To be free means you have freedom and certain rights without anyone interfering with you. You can also do things at your own will. However, during Reconstruction African Americans were not free because whites abused the fact that they had rights and would overpower them. One example is the Ku Klux Klan.
Following the Civil War, America was in shambles. There were many groups with strong, conflicting ideas of how things should be. However, most groups had one idea in common: reducing the rights of African Americans as much as possible. Freed slaves had very little freedom under the law, were treated like a lesser species by those around them, and faced dangerous environments everywhere they went. Abraham Lincoln’s Emancipation Proclamation may have legally freed slaves, but African Americans were barely more than paid slaves.
Many people will tell you that African Americans were free during the reconstruction after the civil war, which on paper may be the case. Life during this time was getting better, however, it still wasn’t good. African Americans faced multiple different forms of oppression that would make it seem that they were in prison. A few of these were the black codes, and the government's reaction to the 13th, 14th, and 15th amendments. However the amendments were not meant to have the states to poke holes in them, they were made to give freed African Americans the same right as everyone else.
Reconstruction after the civil war gave African-Americans an extremely limited amount of freedom compared to the equality and freedom that slavery had denied them. Though they were free in theory, in practice, they were not as free at all. At times, they were so restricted that they were basically treated like slaves, even though that isn’t what they were called after reconstruction. Their freedoms in practice were not the humane freedoms they dreamed of; their sphere of freedoms had increased very minimally compared to what they had as slaves. Some of what they had to face now was arguably even more brutal than what they had to face as slaves. After the Civil War, freedom for African-Americans were only “lip deep” (Doc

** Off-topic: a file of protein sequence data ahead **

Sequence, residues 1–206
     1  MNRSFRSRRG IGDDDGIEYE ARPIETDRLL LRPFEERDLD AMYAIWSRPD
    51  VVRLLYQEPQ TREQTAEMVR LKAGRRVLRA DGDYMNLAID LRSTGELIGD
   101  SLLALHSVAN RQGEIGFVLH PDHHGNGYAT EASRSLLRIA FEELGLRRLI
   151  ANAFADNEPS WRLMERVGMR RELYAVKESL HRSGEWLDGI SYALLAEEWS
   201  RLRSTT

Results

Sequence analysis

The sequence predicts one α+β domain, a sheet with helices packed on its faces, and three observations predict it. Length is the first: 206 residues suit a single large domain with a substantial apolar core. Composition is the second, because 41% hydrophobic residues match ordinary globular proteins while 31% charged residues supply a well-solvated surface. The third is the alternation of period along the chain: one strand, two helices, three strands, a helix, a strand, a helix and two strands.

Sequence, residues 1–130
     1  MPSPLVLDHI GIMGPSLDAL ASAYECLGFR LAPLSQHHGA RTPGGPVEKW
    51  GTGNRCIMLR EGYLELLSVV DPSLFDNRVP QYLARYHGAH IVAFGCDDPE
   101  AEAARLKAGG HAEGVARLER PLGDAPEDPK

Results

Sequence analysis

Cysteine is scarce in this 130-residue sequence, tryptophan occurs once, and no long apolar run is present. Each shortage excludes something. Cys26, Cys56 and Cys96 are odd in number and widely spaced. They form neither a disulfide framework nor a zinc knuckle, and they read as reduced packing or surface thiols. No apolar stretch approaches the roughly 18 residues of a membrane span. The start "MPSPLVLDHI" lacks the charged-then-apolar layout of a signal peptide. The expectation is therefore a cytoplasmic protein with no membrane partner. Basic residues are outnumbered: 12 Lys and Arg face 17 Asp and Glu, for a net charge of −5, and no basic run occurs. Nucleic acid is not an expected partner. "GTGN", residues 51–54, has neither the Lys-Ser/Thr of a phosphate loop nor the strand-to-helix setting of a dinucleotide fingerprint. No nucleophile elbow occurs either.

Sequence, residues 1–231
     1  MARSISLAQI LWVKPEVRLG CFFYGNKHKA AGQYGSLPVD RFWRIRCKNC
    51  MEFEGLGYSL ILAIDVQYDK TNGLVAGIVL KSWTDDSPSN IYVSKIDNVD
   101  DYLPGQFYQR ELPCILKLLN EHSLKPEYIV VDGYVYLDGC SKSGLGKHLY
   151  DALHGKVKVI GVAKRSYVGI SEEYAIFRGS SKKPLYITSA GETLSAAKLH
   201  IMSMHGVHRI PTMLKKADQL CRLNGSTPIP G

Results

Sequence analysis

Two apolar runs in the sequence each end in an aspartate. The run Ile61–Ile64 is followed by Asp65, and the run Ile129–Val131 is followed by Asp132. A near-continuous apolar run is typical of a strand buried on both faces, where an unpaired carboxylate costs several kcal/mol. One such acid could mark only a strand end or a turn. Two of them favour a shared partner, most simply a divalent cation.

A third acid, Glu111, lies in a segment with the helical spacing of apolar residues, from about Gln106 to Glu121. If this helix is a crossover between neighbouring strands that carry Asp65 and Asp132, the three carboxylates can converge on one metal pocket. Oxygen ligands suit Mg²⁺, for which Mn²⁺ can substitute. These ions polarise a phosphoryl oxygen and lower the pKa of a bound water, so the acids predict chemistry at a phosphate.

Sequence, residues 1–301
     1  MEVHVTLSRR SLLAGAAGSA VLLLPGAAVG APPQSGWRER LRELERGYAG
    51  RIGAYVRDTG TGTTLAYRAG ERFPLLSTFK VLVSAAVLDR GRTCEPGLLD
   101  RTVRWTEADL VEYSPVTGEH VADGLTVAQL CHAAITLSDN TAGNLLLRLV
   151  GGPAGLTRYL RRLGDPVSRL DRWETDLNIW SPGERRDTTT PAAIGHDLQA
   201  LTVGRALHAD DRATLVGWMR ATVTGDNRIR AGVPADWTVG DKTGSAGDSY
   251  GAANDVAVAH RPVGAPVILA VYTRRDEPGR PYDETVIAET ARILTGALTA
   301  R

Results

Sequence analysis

African Americans were not free after the Civil War ended.They were still treated like they were slaves. There are many specific details throughout the reconstruction phase proving this.
Throughout history freedom has had many different meanings and definitions; based on race, gender, and ethnicity. According to the dictionary freedom means the state of being free or at liberty rather than in confinement or under physical restraint (“freedom” def. 1). Freedom may seem like something given to everyone however it was something workers had to fight for. Not everyone believed that workers’ rights needed to be changed, which led to a long battle between workers, employers and the government. To the working class people freedom meant making higher wages, having regulated hours, workable conditions and the right to free speech.
During reconstruction, the meaning of freedom suited many different types of interpretation; the perception of freedom between former slaves and their slaves masters were very contradictory. To begin with, African-Americans had suffered severe abuse over those years of slavery, so to them, the meaning of freedom was basically a hope that in the future, they won’t experience all kind of punishment and exploration that they have been experienced so far. Besides that, formers slaves were demanding equal civil and political rights. In the same way, they valued their freedom by establishing their own schools and churches, reuniting families that were separated under
During the year of 1865, after the North’s victory in the Civil War, the Republican Party began to pass national legislation in order to secure free blacks’ rights.
African Americans were set free after the Civil War. After the Civil War the freedom of African American was really vague. Although they were set free they really weren't free. White people would say
According to the Declaration of Independence, signed in 1776, "[...] all men are created equal, [and] they are endowed by their Creator with certain unalienable Rights, that among these are Life, Liberty and the pursuit of Happiness." One would then expect that every man, would be entitled to their freedom, and it was true, for all white men. African-Americans, however, faced a very different reality. They were still forced into slavery, they were deprived of those rights that all men were meant to have. While the north states opposed slavery, it was permitted in the south, and as the slavery issue raged on, one man would stand to fight for his freedom. His case, would go all the way to the U.S. Supreme Court. The Court's decision would